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- Abstract
- 1. Cortically-controlled brain-machine interfaces
- 2. Kalman-filter-decoder algorithm
- 3. Mapping onto spiking neural networks
- 4. Spiking neural network decoder
- 5. Off-line open-loop implementation
- 6. Online closed-loop performance
- 7. Conclusions and future work
- References

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J Neural Eng. Author manuscript; available in PMC 2014 June 1.

Published in final edited form as:

Published online 2013 April 10. doi: 10.1088/1741-2560/10/3/036008

PMCID: PMC3674827

NIHMSID: NIHMS468258

Julie Dethier,^{1,}^{*}^{‡} Paul Nuyujukian,^{1,}^{2,}^{*} Stephen I. Ryu,^{3,}^{4} Krishna V. Shenoy,^{1,}^{2,}^{5} and Kwabena Boahen^{1}

Julie Dethier: jdethier/at/ulg.ac.be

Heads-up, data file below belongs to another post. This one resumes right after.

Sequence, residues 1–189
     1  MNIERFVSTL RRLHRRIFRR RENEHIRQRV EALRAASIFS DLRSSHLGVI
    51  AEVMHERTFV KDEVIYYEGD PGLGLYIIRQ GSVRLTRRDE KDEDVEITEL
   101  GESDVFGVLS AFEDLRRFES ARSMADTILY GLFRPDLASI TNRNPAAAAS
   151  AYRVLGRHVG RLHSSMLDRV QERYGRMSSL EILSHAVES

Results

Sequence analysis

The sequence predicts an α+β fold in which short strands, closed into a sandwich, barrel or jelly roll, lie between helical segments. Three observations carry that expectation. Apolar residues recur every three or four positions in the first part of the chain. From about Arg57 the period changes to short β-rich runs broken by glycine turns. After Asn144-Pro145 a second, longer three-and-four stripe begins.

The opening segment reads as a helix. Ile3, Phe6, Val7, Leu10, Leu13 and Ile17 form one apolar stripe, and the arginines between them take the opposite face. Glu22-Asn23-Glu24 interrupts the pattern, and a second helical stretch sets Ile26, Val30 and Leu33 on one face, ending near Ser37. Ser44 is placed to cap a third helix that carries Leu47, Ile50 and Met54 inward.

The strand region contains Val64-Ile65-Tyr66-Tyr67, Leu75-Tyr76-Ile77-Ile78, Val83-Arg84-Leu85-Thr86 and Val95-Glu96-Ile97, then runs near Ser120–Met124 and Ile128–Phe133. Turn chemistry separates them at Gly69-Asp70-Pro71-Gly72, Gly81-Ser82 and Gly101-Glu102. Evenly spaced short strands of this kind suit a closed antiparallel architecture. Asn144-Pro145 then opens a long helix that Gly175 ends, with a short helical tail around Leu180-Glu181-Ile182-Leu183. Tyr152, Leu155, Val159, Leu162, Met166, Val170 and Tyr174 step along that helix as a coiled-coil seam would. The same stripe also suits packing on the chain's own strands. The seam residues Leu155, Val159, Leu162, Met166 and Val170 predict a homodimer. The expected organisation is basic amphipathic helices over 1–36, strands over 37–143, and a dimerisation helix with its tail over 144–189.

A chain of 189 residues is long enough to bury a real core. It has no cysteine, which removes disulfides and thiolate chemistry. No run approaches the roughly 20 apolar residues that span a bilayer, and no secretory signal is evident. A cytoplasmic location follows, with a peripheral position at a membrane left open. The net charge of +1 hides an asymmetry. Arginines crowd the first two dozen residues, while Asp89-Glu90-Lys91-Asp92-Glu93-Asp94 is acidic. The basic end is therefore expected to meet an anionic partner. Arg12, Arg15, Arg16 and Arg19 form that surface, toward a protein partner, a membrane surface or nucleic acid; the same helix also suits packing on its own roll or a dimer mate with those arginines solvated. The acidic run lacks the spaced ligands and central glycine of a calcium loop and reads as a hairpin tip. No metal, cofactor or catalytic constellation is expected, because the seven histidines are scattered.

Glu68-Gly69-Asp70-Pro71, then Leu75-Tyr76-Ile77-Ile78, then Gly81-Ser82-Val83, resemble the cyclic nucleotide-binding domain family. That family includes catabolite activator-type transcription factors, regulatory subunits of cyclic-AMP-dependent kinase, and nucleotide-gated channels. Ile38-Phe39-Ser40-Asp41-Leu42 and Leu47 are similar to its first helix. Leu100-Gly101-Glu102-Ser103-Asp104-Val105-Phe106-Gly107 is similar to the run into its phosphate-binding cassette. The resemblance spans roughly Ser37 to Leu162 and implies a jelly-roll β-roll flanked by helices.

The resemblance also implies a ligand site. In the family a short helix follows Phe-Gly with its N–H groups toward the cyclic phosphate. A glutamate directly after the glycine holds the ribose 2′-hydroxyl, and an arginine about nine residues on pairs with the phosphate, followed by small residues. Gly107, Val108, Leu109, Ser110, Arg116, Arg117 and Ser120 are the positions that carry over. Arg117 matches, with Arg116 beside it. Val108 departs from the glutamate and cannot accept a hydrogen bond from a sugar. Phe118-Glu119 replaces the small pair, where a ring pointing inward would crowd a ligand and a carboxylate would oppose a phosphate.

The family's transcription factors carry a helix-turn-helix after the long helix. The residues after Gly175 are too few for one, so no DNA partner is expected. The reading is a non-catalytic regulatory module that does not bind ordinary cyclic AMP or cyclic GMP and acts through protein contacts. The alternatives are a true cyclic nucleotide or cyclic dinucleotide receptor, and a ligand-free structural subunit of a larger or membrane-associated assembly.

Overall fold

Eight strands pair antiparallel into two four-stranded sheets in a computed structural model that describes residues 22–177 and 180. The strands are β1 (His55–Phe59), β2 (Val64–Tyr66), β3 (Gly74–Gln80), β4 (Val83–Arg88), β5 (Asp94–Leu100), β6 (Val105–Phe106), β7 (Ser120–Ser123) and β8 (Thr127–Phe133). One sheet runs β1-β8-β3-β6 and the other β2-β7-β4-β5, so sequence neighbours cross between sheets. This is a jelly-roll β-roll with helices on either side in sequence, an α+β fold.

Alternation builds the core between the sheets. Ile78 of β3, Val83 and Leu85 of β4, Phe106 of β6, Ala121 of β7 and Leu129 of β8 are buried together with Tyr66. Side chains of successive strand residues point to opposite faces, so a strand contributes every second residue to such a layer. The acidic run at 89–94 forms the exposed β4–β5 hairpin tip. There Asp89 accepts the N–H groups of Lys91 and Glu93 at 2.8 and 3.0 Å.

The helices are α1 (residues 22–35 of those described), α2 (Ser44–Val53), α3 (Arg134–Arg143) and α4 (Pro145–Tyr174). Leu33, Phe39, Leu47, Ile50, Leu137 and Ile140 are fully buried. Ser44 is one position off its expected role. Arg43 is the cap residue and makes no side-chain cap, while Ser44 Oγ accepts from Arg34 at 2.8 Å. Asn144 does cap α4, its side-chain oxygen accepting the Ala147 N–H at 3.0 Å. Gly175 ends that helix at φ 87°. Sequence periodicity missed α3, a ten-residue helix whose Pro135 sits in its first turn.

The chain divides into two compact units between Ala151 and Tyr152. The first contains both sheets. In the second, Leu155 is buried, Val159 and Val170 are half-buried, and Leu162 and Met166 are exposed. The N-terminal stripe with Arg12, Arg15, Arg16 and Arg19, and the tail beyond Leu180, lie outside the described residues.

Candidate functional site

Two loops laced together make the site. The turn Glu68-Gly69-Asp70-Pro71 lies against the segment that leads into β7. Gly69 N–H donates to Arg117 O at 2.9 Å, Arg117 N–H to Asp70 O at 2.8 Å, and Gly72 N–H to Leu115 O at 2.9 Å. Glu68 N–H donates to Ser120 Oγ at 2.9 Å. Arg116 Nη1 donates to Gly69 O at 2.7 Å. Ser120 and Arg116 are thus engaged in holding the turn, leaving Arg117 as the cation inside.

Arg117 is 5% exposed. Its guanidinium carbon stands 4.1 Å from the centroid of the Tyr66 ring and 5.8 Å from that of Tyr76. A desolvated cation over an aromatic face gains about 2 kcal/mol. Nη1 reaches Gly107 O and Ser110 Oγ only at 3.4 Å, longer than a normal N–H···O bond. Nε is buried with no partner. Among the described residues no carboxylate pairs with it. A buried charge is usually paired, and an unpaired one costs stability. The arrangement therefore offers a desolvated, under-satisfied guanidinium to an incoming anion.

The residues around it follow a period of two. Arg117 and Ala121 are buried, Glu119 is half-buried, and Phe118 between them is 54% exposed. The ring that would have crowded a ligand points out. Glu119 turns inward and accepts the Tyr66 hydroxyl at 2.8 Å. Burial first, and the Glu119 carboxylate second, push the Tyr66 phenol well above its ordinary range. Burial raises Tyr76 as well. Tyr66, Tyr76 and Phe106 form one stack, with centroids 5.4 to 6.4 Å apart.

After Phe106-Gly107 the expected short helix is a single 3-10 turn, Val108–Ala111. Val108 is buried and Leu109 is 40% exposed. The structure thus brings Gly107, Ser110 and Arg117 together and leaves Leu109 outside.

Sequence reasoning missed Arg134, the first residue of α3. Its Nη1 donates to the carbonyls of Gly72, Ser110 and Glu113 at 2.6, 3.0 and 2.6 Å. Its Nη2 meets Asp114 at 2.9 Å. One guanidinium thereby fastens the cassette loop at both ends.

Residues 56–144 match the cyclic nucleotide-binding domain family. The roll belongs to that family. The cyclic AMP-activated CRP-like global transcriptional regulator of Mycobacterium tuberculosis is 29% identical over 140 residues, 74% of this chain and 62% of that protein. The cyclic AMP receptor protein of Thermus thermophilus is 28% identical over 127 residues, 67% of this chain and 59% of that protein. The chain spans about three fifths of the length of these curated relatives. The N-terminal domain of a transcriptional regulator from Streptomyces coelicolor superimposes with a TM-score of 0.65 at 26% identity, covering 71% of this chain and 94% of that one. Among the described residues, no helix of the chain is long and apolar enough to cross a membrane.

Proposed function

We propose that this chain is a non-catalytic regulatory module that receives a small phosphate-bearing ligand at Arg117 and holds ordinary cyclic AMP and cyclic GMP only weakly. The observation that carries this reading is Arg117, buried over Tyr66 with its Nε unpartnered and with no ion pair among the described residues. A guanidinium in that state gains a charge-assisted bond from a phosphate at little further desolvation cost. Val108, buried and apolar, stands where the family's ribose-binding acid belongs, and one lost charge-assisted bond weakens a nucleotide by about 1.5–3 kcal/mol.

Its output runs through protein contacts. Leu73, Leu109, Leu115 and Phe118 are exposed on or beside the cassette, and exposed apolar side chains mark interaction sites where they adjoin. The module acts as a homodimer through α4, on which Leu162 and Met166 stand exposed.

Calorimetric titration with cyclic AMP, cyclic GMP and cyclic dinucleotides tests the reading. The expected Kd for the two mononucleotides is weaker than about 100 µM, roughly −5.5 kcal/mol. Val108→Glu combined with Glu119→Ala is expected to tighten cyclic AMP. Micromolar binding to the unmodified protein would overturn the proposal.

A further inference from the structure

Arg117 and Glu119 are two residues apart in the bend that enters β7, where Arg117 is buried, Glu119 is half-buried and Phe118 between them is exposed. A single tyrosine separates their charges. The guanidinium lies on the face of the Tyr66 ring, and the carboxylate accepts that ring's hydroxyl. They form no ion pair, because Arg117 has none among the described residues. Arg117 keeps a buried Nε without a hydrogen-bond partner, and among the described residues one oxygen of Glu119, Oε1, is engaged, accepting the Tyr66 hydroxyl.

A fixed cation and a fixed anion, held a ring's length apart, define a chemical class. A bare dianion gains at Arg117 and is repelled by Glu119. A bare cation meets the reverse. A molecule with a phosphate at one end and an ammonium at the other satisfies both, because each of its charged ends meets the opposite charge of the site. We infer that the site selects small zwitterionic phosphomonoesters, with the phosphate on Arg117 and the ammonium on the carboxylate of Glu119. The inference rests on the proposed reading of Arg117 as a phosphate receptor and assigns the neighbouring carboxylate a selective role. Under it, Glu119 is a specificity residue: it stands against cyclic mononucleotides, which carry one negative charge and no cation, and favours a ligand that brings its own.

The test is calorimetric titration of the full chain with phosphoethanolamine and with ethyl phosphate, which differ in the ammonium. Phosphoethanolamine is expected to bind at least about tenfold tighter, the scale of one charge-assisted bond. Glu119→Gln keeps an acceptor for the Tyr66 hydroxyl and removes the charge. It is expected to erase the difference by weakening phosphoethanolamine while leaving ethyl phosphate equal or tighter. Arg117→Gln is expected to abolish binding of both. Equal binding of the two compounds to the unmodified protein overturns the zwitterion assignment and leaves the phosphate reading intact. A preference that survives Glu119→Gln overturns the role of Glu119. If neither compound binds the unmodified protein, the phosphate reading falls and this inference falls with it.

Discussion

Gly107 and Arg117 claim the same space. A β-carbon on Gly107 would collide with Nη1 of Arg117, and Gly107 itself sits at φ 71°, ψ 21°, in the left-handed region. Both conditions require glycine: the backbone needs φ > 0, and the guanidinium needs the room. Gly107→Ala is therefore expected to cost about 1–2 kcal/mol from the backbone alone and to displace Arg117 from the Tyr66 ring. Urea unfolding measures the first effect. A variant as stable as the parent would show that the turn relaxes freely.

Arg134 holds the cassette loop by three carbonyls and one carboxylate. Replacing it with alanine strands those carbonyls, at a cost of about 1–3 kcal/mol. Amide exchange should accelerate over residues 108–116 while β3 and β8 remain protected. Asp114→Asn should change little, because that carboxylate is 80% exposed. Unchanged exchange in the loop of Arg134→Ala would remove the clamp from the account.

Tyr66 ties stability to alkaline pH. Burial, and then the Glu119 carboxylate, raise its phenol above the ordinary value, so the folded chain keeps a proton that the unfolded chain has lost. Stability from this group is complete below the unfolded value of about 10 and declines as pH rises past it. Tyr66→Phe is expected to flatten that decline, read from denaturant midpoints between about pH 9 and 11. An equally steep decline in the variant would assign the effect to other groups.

The publisher's final edited version of this article is available at J Neural Eng

See other articles in PMC that cite the published article.

Cortically-controlled motor prostheses aim to restore functions lost to neurological disease and injury. Several proof of concept demonstrations have shown encouraging results, but barriers to clinical translation still remain. In particular, intracortical prostheses must satisfy stringent power dissipation constraints so as not to damage cortex.

One possible solution is to use ultra-low power neuromorphic chips to decode neural signals for these intracortical implants. The first step is to explore in simulation the feasibility of translating decoding algorithms for brain-machine interface (BMI) applications into spiking neural networks (SNNs).